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How to Make Sure Foot Pain And Ankle Pain Don’t Slow You Down

Foot problems—from foot paint to ankle pain—often begin with neglected feet. Here are the exercises that will help you build strong feet.

You wouldn’t build a gorgeous new house on a flimsy foundation, or purchase a sports car and expect to drive it on flat tires. By similar logic, putting in all the work to get a super-fit body while ignoring the base it stands on is like, well, shooting yourself in the foot. Besides, foot problems—from foot paint to ankle pain—often begin with neglected feet. No dad has time for that.

Now, strong toes and rock-solid arches aren’t something you discuss with your friends, the way you might talk about a killer biceps workout. But that doesn’t mean you can afford to neglect them. Eight in 10 people have experienced some form of foot pain in the last year. The antidote isn’t less activity, or even better shoes (although that would help—surveys suggest more than half of us stand all day in shoes that do not fit). The solution is better fitness. And we’re here to help.

Start with these exercises:

Toe spread. You can spread your fingers, your arms, and your legs. But when it comes to your toes, your mobility is likely pretty limited. You can change this (and you should, as more dexterous digits improve balance) with practice. Start sitting in a chair, feet flat on the floor. Spread your toes as far apart as you can and hold for five counts. Relax. Repeat five times.

Toe scrunches. Sit on a chair, place a towel flat on the floor and place your foot flat on the end closest to you. Pressing down into the towel, scrunch up your toes so that they bunch up the fabric beneath them and inch it toward your chair. Relax your toes and spread them out again; repeat. Continue scrunching and releasing your toes until the entire towel has been bunched up in front of your chair. Spread the towel out again and repeat on opposite side.

Toe roll. Sit in a chair with your feet flat on the floor. Lift your heels off the floor, pressing the balls of your feet into the ground. Hold for five counts, then continue to raise the back and middle of your foot off the floor, until your weight rests on the very tippy top of your toes. Continue the rolling motion over the top of your toes until they tuck slightly beneath your elevated foot. Rest here, feeling a gentle stretch across the top of your foot up to your shins. Release. Do five times.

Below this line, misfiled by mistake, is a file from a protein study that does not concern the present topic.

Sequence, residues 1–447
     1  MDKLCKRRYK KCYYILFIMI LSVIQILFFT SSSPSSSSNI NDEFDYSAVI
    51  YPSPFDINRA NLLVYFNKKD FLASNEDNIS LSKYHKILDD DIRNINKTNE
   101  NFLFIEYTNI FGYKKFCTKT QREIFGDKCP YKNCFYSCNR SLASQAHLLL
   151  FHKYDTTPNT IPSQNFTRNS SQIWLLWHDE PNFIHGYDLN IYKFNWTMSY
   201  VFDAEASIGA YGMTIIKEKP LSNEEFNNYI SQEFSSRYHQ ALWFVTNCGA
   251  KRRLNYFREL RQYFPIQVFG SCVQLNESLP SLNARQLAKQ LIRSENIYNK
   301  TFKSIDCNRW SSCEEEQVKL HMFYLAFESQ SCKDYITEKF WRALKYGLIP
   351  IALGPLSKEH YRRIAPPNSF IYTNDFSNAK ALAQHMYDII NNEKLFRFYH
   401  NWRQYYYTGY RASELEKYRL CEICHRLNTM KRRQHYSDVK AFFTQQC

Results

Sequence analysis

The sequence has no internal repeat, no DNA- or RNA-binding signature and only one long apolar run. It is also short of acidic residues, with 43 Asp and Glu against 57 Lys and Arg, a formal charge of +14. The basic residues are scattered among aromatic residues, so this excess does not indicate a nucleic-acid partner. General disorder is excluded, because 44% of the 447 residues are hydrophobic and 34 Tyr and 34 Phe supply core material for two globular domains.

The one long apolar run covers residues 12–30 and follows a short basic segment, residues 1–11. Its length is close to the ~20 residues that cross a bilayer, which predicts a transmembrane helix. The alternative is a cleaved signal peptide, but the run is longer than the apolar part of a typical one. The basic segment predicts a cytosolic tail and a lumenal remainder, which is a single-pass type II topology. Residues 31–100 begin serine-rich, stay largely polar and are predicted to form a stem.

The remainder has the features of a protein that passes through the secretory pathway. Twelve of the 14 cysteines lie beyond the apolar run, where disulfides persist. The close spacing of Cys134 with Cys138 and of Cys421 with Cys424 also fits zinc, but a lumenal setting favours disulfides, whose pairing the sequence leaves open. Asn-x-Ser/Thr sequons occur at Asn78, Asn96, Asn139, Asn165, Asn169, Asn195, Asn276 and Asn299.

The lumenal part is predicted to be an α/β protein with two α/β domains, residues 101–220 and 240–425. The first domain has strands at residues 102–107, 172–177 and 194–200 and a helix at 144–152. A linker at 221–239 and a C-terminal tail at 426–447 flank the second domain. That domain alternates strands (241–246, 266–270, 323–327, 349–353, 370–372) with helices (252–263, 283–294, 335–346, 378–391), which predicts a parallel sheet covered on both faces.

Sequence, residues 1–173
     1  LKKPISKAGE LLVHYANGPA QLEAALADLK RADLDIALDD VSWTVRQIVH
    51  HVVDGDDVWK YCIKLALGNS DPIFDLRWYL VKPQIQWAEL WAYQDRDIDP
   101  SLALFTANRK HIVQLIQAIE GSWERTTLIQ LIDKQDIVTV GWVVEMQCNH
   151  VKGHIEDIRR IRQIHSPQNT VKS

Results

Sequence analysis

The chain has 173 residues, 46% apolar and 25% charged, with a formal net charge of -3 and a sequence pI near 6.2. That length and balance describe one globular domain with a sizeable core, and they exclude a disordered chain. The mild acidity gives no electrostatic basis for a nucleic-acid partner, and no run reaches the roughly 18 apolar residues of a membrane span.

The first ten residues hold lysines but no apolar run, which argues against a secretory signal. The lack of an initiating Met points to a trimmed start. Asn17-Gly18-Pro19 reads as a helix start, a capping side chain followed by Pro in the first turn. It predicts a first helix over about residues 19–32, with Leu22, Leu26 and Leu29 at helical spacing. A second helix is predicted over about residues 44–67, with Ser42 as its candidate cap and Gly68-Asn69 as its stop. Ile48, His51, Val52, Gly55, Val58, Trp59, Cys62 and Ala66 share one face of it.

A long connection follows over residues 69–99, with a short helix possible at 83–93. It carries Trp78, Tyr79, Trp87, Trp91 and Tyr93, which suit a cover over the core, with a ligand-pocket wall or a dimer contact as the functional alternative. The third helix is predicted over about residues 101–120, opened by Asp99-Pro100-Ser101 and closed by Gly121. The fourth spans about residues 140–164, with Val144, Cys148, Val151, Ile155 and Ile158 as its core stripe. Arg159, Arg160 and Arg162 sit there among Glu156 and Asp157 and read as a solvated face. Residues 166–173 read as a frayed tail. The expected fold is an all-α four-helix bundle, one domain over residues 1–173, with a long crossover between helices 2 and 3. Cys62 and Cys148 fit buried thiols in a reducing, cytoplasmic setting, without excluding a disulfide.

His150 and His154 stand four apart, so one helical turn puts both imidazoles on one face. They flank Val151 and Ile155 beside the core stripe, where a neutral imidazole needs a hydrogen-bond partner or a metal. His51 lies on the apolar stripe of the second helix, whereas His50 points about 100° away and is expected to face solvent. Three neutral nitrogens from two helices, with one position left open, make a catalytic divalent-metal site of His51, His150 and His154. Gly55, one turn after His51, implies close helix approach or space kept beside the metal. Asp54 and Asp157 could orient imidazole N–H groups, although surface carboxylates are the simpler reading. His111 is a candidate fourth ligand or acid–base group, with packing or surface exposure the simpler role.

Pick-up game. One of the best ways to build your foot muscles, while also tidying up the house, is by using them as you would your hands. Start by emptying a container of small objects on the playroom floor (marbles, checkers, miniature action figures, crayons). Sitting in a chair, try to pick up the objects one by one using your toes, and placing them in a nearby basket.

To Barefoot, Or Not to Barefoot, That Is the Question

  •   The whole minimalist shoe phenomenon of a few years ago kicked off a major trend in the world of running; specifically, barefoot running, which is basically what it sounds like. Believers reported stronger feet, more efficient strides, and improved fitness. The medical community, however, voiced caution, documenting an increased number of foot and lower limb injuries due to a lack of foot support while running.
  •   Our advice? Split the difference. Run with shoes whenever you can, and ditch the shoes for running on the beach. The soft sand cushions your landing, lowering odds of an impact injury, and feels just right between your toes. The result: a much better workout, both aerobically and strength-wise—and fewer injuries.